Akshardham Temple

A striking silhouette found in New Delhi belongs to the Akshardham Temple. As an offering to God as a home, this landmark beckons visitors and believers to enjoy their spiritual sides. Naturally, this modern marvel is a bucket list item that shouldn't be missed. Learn all about this intricately carved monument to Indian Hinduism right now.

Building the Marvel

Although the Akshardham Temple looks hundreds of years old, it was actually built between 2000 and 2005. With efforts to secure the land and blessing it since the mid-1900s, the temple's completion in 2005 was a cultural celebration. Indeed, countless numbers of volunteers gave their time to carve and build this monument.

Remarkably, more than 10,000 artisans offered their expertise to carve out the stone. Because the structure cannot have any ferrous metal, working carefully with the stone was imperative for a sturdy structure.

Exploring the Mandovar

Walking up to the monument is a lesson in Hinduism. For example, the exterior facade is called the Mandovar. Here, each row offers a celebration of everyday beings, plant life and Hinduism's entities. At 25 feet tall, every carving has an intricate design and personality.

Walk around the entire Mandovar because it stretches for more than 600 feet. Indeed, it's not unusual to see more visitors gazing at the Mandovar than there are entering the interior at times.

Entering the Temple

As you enter through the Mandir's front entrance, it's fascinating to note that this monument has 10 gates. As seen in Vedic literature, these gates represent pathways to art, religion and more. Inside, you'll discover even more carvings, pillars and archways supporting the structure. High above, highly detailed domes cap the temple while protecting the wide-open spaces.

Within the inner sanctum, a wondrous group of statues looks over the visitors. Followers know Bhagwan Swaminarayan as the focal point along with nearby gurus who support this God incarnate. With their breathtaking details, these statues are a highlight of the entire complex.

Walking the Grounds

If you're interested in worshiping at the temple, make your way outside to the Parikrama or circumambulatory pathway. Here, you can walk clockwise around the complex. For Hindus, this walk around the temple is a way to visualize their God as the center of their lives.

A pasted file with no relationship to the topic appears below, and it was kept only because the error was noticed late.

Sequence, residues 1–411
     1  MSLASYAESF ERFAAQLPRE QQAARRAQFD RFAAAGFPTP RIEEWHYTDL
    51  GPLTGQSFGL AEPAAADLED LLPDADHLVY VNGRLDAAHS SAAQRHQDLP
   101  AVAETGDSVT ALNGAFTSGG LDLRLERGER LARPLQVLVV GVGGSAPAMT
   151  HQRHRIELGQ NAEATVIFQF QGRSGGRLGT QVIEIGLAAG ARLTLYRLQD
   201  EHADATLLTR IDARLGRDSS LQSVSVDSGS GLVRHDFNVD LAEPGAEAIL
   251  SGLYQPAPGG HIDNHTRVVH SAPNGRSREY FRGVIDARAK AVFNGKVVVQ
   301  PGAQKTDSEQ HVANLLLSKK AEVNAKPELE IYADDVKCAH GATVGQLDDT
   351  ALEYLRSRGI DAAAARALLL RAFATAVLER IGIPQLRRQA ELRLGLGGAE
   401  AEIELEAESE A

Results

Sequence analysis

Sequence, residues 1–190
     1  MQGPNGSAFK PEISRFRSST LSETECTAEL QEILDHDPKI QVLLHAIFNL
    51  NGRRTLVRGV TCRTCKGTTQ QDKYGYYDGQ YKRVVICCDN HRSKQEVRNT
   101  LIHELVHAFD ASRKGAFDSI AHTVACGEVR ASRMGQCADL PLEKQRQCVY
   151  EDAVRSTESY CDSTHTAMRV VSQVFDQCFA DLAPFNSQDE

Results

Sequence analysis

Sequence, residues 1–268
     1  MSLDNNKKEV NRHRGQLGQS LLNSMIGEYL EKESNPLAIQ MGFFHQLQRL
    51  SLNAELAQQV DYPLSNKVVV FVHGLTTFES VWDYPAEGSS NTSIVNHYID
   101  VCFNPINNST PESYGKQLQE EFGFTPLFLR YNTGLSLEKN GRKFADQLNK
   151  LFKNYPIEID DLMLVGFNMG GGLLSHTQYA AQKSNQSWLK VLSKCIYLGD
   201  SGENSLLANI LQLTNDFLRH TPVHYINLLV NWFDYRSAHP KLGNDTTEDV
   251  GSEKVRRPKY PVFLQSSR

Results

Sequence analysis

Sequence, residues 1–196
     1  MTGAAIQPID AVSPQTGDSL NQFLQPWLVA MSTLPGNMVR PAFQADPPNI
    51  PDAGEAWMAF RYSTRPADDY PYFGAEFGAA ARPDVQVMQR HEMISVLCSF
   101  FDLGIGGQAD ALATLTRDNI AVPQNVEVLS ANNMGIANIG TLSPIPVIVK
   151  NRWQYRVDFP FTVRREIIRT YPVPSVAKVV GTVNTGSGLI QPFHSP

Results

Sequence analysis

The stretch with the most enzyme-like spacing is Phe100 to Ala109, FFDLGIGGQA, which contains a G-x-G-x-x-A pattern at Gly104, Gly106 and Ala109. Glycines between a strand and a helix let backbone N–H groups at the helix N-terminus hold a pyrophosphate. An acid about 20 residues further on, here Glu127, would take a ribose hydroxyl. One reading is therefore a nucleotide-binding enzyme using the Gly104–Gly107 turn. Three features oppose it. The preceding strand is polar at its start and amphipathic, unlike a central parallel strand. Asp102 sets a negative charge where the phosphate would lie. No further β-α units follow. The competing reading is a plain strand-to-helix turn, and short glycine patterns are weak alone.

In addition, the complex includes a lotus garden for further relaxation and reflection. Explore this area with care because it has many stones reflecting famous quotes from admirable people. Because of its distinct shape, the lotus garden is an achievement in design and construction styles.

Recognizing the Elephant and Cow Symbolism

At the temple's base is the grand foundation carved into numerous elephants. Also referred to as the Elephant Plinth, this base reminds visitors that Hinduism and India itself are based on strong beliefs and adoring believers. In addition, the complex uses the bovine or cow as another animal representation for longstanding religious beliefs. Found along the temple lake's edge, these cows reflect the personalities of 108 Hindu gods.

Knowing the Appropriate Etiquette

The temple is open to every visitor from around the globe, but understanding traditional etiquette is paramount. First, wear modest clothing that covers the torso, upper arms and upper legs. For your convenience, the temple offers a free sarong to wear within the complex if your clothing doesn't fit the dress code. Simply return it after use.

Second, remove your shoes and deposit them in the appropriate receptacle when you enter the Mandir. Because the Mandir is sacred, respecting the interior with no shoes and hushed tones is required. Certainly, praying is encouraged throughout your visit inside the Mandir.

Timing Your Temple Visit

The complex is open at 10 a.m. and closes around 8 p.m. from Tuesday through Sunday. Enjoy the grounds during the day, and gather near the water show as the sun sets. Set to a sublime soundtrack, this water show uses lasers, lights, water dance and many other effects to tell a timeless story.

Spending a day at the Akshardham Temple gives you a chance to spend time meditating, discovering and appreciating this modern marvel. Regardless of your background, learning more about the Indian culture improves everyone's experiences. In the end, this mesmerizing landmark draws in visitors from across the globe every year.

FAQs on Akshardham Temple

Akshardham Temple was built by the Bochasanwasi Shri Akshar Purushottam Swaminarayan Sanstha (BAPS) organization.
Akshardham Temple was inaugurated on November 6, 2005, by the then President of India, Dr. A.P.J. Abdul Kalam.
The temple complex features traditional Hindu and Vedic architectural styles. It is known for its intricate carvings, sculptures, and detailed craftsmanship.
The main attractions include the Akshardham Mandir, Yagnapurush Kund (the largest stepwell in the world), Sahaj Anand Water Show, and the Hall of Values (Sahaj Anand Darshan).
Entry to the temple complex is generally free, but there is a fee for specific exhibitions, shows, and activities within the complex.
Akshardham Temple is usually open to visitors from Tuesday to Sunday. It is closed on Mondays.

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